The goal of this study was to further assess the effect of AAG on the clinical response and survival in patients with NSCLC treated with docetaxel.

Patients/Treatment

The data for this study were prospectively collected from unresectable and metastatic NSCLC patients entered into six Phase II open label, nonrandomized studies of docetaxel in patients with NSCLC. Detailed information and clinical trial results for these studies have been reported previously (17, 18, 19, 20, 21, 22). Briefly, the criteria for eligibility included confirmation of NSCLC, one or more bidimensionally measurable lesions, adequate bone marrow (absolute neutrophil count > 2000/μl), renal (normal creatinine), and hepatic function (total bilirubin < 1.25 × upper limit of normal; alanine aminotransferase ≤ 2 × upper limit of normal). According to the study design, patients may have received previous treatment. The initial docetaxel dose for most patients was 100 mg/m2 given as a 1-h infusion every 3 weeks. Dose reduction of 25% or delay of subsequent courses of therapy was permitted, based on the grade of toxicity observed. These studies were part of the 22 Phase II studies reported in a previous PK/PD analysis of docetaxel. The studies were conducted at multiple centers in Europe and the United States (3). These clinical trials were approved by local ethics committees or institutional review boards.

Pharmacokinetic Data

Pharmacokinetic assessment was performed at the first cycle of treatment. The design of the sampling strategy has been published previously by Bruno et al.(3). In brief, the sampling strategy consisted of four different sampling schedules of three sampling times, which were assigned randomly to patients on study entry. Docetaxel was assayed in plasma samples using high-performance liquid chromatography and UV detection after solid-phase extraction (23).

From the population pharmacokinetic parameters (2), Bayesian methods were used to estimate each individual’s pharmacokinetic parameters from the patient’s plasma concentrations (24). The NONMEM computer program was used for these studies (version IV, level 2.0; Ref. 25). The PK model used a three-compartment structural model with first-order elimination, and the PK parameters considered for this analysis were CL (obtained using the Bayesian estimation) and AUC (calculated from CL).

Clinical End Points

The following clinical end points were considered for this analysis.

Safety.

Febrile neutropenia, infections, grade 3/4 stomatitis, grade 3/4 diarrhea, and severe asthenia reported during the first course of therapy were considered as safety end points. These end points of acute toxicity were only considered at first course because we wanted to study the drug exposure effects, and pharmacokinetic data were only collected at the first course of treatment. These parameters were selected as they typically require dose reduction or treatment delay. Stomatitis and diarrhea were defined and graded using the Common Toxicity Criteria of United States National Cancer Institute, whereas COSTART classification was used for asthenia. Febrile neutropenia was defined as body temperature > 38°C with concomitant National Cancer Institute grade 4 neutropenia (neutrophil count < 500/μl) requiring antibiotics and/or hospitalization.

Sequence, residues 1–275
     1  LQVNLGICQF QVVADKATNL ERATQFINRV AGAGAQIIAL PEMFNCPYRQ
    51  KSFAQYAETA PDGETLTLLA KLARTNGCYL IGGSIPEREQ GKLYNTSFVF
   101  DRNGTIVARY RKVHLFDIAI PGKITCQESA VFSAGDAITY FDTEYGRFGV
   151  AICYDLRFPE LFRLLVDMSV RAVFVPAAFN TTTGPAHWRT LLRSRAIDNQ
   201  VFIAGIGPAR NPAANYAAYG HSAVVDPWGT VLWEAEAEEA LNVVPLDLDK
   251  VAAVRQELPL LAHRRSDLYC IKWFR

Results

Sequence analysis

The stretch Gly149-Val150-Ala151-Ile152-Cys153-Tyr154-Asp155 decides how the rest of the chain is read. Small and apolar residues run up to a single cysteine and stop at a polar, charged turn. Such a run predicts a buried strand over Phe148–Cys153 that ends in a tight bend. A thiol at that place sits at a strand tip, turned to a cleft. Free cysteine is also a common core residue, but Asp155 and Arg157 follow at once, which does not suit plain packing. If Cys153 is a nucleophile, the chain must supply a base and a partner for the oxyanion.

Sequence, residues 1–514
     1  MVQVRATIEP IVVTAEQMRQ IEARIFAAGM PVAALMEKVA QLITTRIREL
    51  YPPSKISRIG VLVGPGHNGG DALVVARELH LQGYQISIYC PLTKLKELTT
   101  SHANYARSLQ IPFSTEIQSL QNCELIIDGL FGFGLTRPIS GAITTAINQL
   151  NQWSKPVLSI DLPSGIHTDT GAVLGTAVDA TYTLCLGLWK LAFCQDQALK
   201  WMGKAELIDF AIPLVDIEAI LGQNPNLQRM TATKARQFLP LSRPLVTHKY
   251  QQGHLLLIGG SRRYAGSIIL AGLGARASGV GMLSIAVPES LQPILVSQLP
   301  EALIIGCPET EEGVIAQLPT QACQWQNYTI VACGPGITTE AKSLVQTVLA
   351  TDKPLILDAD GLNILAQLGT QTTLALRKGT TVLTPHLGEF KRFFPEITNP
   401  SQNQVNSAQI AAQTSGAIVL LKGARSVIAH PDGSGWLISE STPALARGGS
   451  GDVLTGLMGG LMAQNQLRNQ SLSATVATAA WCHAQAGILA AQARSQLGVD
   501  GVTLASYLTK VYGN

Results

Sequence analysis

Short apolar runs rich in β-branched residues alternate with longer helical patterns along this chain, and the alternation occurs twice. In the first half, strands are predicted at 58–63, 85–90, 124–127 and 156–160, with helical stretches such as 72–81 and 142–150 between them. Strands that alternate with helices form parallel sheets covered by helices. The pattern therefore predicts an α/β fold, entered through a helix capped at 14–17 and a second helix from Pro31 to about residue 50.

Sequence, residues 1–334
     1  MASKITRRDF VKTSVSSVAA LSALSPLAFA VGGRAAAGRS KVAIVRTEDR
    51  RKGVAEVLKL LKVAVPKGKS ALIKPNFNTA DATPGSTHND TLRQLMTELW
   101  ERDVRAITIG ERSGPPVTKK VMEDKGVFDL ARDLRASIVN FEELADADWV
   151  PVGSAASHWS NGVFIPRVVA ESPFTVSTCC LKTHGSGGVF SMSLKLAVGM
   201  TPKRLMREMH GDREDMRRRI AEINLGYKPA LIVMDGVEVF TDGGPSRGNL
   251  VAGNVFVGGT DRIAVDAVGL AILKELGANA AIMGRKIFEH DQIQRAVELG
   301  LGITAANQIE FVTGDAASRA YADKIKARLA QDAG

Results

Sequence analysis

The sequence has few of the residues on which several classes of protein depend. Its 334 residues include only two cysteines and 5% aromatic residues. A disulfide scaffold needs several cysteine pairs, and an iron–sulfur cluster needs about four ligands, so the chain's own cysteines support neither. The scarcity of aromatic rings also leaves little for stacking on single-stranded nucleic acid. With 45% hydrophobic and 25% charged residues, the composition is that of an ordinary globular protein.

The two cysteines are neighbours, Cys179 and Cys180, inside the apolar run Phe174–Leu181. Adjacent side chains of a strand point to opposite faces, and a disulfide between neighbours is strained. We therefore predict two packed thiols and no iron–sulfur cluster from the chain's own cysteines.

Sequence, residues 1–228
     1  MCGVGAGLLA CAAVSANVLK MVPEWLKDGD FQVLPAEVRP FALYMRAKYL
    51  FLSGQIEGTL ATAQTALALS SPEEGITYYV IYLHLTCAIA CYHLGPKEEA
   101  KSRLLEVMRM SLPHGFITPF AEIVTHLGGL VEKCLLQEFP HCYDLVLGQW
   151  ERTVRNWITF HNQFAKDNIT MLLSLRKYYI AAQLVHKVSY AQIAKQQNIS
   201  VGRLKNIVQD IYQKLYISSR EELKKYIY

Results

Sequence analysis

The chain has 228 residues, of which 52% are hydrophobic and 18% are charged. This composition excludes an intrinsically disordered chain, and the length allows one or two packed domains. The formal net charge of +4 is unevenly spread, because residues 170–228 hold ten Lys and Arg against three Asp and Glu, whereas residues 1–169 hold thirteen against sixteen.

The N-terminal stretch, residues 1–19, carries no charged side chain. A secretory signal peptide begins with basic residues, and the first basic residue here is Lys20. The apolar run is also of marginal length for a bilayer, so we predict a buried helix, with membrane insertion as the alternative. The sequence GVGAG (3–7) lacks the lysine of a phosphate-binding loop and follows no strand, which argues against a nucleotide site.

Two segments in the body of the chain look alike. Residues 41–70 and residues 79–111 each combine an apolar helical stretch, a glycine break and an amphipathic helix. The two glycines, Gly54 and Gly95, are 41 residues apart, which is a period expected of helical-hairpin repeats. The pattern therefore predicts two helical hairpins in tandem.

Because of the few patients and low incidence of severe adverse events, these safety end points were pooled for analysis.

Response Rate.

Response was assessed every 2 weeks during treatment. The patients were considered to be responders when they experienced either a partial or complete response using standard criteria. Patients with minor responses (<50% reduction in tumor size), stable disease, and patients with disease progression were considered as nonresponders. Responses had to be confirmed after a minimum of 4 weeks and were reviewed by an independent panel.

Survival.

Survival was calculated from the date of the first docetaxel infusion to the date of death, last contact for patients lost to follow-up, or a cutoff date for patients alive at the time of closure of the data set.

Three categories of independent variables thought to affect survival in NSCLC were considered for this analysis: (a) docetaxel exposure, assessed by the cumulative dose, or CL and AUC at first course of therapy; (b) the patient characteristics age, gender, performance status, AAG, lactate dehydrogenase, baseline neutrophil count, time from initial diagnosis of NSCLC, number of disease sites, visceral cancer involvement, and hepatic and bone metastasis; and (c) the extent of previous treatment (e.g., number of previous chemotherapy regimens, cisplatin, and radiotherapy).